PUBS up and down the land remain empty as red-blooded men and women are humiliatingly forced to watch Big Brother while England’s football stars gallivant on holiday instead of donning the Three Lions.
Yes that’s right, the national side are nowhere to be seen in Euro 2008, but the show still goes on in cosmopolitan Wilmslow with hundreds of foreign nationals glued to their screens willing on their home countries.
Not only that but we have several representatives actually in the championships. Alderley Edge dwellers Edwin van der Sar, the dutch goalkeeper, and Christiano Ronaldo, the hope of Portugal, who are normally Man United team-mates, are both hoping to lift the trophy.
With both ITV and BBC1 both showing ALL the games it’s easy to be away from the country of your birth and still follow your national side as if you were actually back home.
With its many restaurants specialising in international cuisine, Wilmslow has almost every nationality covered when it comes to the crunch matches, but not everyone cheers their side on because of the beautiful football.
Erica Capolino, who is half Korean, half Italian, works as a waitress in Strada on Water Lane and knows very little about football, but does know a handsome man when she sees one.
She said: "I don’t know much about football but I do know that Francesco Totti has a great body."
Most other fans are more well-informed about their sides, and who better to spill the beans on the old penalties enemy than former Germany U-16s striker Thomas Ludecke.
The Trafford College catering lecturer, who lives on Turnbury Drive, Wilmslow, played alongside German legends Jurgen Klinsmann and Lother Matheus in his younger days and nearly turned professional for Hamburg.
He said: "I am a massive Germany fan. I love Bastian Schweinsteiger and judging by our opening performance I think we should be favourites, we were strong."
The dad-of-one, who does a bit of coaching himself and works at the Stannylands hotel as a chef, has a theory why his home country are so good at penalties, especially against England. "Discipline. We just know where to put it."
The former Channel M chef is in good company as the German national side stayed at Mottram Hall during Euro 96 and became well liked by Wilmslow residents during their stay.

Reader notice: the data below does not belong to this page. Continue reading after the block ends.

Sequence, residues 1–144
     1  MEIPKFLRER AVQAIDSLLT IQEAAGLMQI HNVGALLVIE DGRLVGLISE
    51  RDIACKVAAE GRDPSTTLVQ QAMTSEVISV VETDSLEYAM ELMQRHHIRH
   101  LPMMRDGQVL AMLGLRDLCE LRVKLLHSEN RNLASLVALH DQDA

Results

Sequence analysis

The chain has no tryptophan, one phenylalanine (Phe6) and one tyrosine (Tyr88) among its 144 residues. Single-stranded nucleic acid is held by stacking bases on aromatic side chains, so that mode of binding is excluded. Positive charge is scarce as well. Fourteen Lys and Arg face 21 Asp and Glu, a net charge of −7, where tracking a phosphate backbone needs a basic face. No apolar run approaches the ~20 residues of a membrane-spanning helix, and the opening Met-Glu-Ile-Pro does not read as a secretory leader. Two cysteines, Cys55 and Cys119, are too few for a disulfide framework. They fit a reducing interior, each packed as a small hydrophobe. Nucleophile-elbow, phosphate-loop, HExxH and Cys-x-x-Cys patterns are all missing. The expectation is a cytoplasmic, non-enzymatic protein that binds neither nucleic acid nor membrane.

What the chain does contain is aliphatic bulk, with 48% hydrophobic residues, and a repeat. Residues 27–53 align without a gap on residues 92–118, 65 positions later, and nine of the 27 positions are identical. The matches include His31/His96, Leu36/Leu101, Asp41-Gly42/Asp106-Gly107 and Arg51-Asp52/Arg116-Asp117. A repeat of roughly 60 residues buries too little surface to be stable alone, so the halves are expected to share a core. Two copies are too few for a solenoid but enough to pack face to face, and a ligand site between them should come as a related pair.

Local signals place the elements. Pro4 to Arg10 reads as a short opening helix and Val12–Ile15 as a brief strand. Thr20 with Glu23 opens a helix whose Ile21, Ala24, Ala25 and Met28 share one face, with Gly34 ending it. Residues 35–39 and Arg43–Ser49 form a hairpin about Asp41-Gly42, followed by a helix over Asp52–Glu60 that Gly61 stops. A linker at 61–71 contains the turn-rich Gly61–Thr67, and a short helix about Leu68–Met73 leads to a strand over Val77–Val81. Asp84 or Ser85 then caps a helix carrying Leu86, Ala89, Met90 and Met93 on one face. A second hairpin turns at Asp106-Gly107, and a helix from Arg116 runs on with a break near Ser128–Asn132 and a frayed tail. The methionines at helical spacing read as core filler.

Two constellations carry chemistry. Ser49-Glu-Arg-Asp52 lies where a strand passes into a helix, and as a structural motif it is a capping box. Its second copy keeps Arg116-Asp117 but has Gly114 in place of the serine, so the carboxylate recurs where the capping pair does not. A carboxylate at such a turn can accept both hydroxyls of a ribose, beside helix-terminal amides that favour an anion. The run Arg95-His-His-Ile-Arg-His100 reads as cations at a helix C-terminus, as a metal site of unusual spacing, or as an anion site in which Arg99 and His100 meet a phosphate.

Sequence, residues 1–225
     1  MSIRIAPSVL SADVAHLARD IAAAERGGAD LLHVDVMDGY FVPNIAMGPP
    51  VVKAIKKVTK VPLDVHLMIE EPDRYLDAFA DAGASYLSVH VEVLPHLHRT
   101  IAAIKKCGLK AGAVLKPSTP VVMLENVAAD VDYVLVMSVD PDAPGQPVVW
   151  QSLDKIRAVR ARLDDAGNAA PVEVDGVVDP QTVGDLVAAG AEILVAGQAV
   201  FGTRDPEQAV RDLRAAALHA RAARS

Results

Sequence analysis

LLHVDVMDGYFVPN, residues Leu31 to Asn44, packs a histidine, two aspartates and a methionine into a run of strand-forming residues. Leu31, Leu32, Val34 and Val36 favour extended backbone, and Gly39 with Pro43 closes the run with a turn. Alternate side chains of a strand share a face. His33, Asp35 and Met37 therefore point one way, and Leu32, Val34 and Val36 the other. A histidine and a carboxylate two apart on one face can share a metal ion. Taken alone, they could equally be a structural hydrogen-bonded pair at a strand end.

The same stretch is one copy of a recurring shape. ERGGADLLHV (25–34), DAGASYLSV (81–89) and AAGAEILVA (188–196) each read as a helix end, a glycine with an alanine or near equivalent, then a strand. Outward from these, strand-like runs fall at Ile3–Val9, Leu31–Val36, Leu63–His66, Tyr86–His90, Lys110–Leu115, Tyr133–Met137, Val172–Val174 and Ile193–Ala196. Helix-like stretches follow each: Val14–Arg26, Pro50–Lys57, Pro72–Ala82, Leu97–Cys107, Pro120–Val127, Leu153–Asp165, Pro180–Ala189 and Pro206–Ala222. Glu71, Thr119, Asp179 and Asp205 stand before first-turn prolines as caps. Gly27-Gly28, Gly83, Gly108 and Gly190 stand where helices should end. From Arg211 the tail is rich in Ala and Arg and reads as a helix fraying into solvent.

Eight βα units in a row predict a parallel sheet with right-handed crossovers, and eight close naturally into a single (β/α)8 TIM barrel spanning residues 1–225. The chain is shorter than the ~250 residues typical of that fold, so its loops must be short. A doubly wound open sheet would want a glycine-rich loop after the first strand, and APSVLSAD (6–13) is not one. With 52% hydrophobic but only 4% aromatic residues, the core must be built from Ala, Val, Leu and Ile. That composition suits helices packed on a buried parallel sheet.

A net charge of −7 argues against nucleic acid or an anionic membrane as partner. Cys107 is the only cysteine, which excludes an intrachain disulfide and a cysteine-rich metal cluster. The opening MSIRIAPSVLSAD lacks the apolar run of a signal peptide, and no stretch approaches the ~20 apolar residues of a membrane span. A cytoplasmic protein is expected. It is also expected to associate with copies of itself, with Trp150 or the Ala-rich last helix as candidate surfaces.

A firm favourite in the competition is Spain, and Wilmslow practically has a Spanish quarter in the shape of the King William pub on Manchester Road which provides some of the most sumptuous tapas in Cheshire.
Landlord Franco Resina, 40, who has lived in Wilmslow for 16 years, said: "I don’t want to do anything special for the Spanish games because I feel it would be unfair to the English fans who have missed out. I will be inviting a few friends round and hopefully see Spain do well. And he promised free shots all round for every Spanish goal.
"We have a good side on paper and I feel if we get passed the group stage then we will really do something."
Although a Spanish restaurant, La Tasca on Parsonage Green is managed by Fabien Cheno, 29, of Chorlton, who hails from France, the winners of Euro 2000.
The Burgundy-born manager said: "I really like Nicholas Anelka even though he missed that penalty for Chelsea. I’m not sure about our chances though because we have a lot of old players. Our chances rest with Frank Ribery who is a great player."
Whether they win, lose or draw the atmosphere in La Tasca will be electrifying as they have four Poles, a Spaniard and a Czech on the books. The same goes for the whole of Wilmslow, with so many nationalities to choose from, this tournament will be an easy one for the neutral to become partisan and maybe find a second home in another country’s culture.